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This is one of a series of brief articles on how
to respond effectively to annoying social
behavior. An effective response occurs
when you get your
well enough, and both people feel
heard and respected enough.
This article offers useful responses to
the behavior of someone you believe is addicted
to something. It assumes you're familiar with...
Recall the last time you felt envious of
someone. You longed for something they had - a
thing, trait, relationship, asset, talent, or
opportunity. Most people outgrow major envy,
unless they bear
Jealousy is envy + entitlement ("I
deserved ____!") + frustration ("...but I can't
get ______") + resentment ("It's not fair!")
+ possibly a
attitude. Do you agree? Envy and jealousy can
range from occasional to constant, and mild to
obsessional. "Significant" jealousy can
the per-son and the people around them.
Premise - significant envy and
jealousy are caused by a dominant
- several well-intentioned personality
which distrust and disable the wise resident
Typical survivors of a low-nurturance childhood
are unaware of false-self dominance and what it
requesting, or demanding someone to "stop
being so jealous" is useless without the person
their wise, balanced true Self.
in this nonprofit Website provides an effective
way to do this over time. If you are
troubled by significant envy or jealousy, learn
If you're stressed by someone else's
jealousy, how do you normally respond? Say
nothing? Seethe? Pretend? Gossip? Avoid? Hint?
Complain? Criticize? Whine? Confront? None
of these qualify as an "effective response"
the definition of "effective response" above
and these response
until they become automatic.
Consider these options for
to a wounded person.
Stay clear on
the difference between the jealousy (a
trait) and the person.
to notice objectively how you feel
about the envy or jealousy. Your emotions
reliably point to what you need.
Identify what you need to accomplish by
responding. To vent? Inform?
Confront? Set or enforce a limit? Cause
change? Maintain your self-respect? Support
someone else (like a child)? Something
else? Depending on what you need, choose
one or more responses like these:
undistracted and your
is "below your ears,"
if the person is open to some personal
If you get "No," you have a
to respond to.
experience you as significantly envious /
"When you let
your jealousy rule you, I lose patience with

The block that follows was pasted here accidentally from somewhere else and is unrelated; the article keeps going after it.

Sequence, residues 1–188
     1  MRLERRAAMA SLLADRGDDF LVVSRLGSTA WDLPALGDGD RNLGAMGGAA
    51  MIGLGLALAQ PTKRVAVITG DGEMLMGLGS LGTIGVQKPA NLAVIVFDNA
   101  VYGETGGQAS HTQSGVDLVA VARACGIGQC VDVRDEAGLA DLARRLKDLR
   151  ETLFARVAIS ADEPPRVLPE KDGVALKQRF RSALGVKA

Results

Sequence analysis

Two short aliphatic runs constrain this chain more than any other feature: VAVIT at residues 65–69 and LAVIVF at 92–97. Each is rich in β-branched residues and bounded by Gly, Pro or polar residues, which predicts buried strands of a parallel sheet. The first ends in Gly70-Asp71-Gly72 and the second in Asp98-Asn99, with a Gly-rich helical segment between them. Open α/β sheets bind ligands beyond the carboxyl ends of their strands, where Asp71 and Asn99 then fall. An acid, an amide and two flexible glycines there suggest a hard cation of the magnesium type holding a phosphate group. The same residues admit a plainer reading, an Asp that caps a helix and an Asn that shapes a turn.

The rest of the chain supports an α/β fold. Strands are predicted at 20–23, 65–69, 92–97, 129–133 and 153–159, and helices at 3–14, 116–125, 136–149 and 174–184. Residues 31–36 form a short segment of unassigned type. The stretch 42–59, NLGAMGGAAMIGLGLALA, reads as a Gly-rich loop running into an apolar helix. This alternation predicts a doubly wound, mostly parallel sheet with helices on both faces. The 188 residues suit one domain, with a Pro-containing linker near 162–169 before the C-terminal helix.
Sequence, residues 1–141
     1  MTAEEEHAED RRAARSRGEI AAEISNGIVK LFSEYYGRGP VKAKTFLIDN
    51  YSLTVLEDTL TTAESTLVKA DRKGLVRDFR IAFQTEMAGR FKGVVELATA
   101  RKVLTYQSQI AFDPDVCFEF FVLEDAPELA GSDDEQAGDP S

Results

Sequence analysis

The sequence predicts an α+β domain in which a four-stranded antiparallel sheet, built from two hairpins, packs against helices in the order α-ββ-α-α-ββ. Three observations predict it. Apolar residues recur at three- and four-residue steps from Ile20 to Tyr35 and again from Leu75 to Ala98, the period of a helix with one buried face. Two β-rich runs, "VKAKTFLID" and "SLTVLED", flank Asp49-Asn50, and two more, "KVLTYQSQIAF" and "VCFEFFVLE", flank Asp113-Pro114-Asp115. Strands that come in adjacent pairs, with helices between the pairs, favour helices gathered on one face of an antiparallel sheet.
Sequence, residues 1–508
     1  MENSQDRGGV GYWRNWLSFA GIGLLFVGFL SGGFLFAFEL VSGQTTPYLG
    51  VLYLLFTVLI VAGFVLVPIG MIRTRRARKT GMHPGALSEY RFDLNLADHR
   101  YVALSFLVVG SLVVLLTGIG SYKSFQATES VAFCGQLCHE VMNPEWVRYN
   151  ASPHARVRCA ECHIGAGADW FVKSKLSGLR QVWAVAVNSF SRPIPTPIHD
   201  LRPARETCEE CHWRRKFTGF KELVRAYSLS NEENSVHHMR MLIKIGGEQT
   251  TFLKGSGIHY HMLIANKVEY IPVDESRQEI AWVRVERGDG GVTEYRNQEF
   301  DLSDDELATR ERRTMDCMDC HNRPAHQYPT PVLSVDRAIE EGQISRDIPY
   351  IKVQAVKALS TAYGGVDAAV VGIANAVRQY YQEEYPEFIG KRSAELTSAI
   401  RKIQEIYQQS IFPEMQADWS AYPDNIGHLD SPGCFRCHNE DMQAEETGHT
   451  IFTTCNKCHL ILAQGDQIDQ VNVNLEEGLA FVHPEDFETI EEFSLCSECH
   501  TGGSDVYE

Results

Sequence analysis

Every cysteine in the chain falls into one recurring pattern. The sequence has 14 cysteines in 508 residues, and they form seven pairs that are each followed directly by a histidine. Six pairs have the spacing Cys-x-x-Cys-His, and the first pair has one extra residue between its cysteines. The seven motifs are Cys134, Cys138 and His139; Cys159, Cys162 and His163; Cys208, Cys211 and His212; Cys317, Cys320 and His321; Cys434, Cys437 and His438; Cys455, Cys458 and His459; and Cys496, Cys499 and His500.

/ respect for / you."
"Are you aware
you're playing 'poor me!' now?
"I respect /
like / enjoy / you more when you acknowledge
what you do have, rather than
complain about what you don't have."
"(Name), is your
glass half-empty or half full?"
"How do you feel
about someone who's burdened with
significant envy or jealousy?"
"Have you ever
met anyone who has intentionally gotten over
"How do you
think significant jealousy affects typical
relationships and families?"
"How does your
jealousy affect / improve / benefit your
"I suspect a
false self is controlling your life and
Notice the theme of these examples - calm,
brief, respectful, honest, and direct.
Also notice what's missing: blaming,
lecturing, labeling, preaching, apologizing,
hinting, threatening, analyzing, bringing up
the past, and long explanations.
not responding proactively
the other person's problem attitude and
behaviors. Would you prefer respectful
feedback on your problem behaviors,
or pretense and silence?
the other person to argue, explain,
make excuses, deny, avoid, clam up,
intellectualize, blame, whine, play
helpless, etc. Use
to acknowledge their "resistances," and then
calmly repeat your response until you feel
heard well enough or your needs change.
responsibility for your needs and behavior,
the other person's needs and feelings.
Can you imagine reacting to an excessively
envious or jealous person like these examples?
If so, how do you think you each would feel? If
you can't imagine responding like this, what's
in the way?
This is one of a series
of brief articles suggesting effective ways to
respond to common social behaviors. This article offers perspective on
significant envy and jealousy, and ways to
respond effectively to a significantly envious or
jealous person. The ways are
your true Self
clarity on your
feelings, needs, and personal
fluency in the
relationship skills of awareness, assertion,
and empathic listening.
Pause, breathe, and reflect - why did you read this
article? Did you get what you needed? If not, what
you need? Who's
these questions - your
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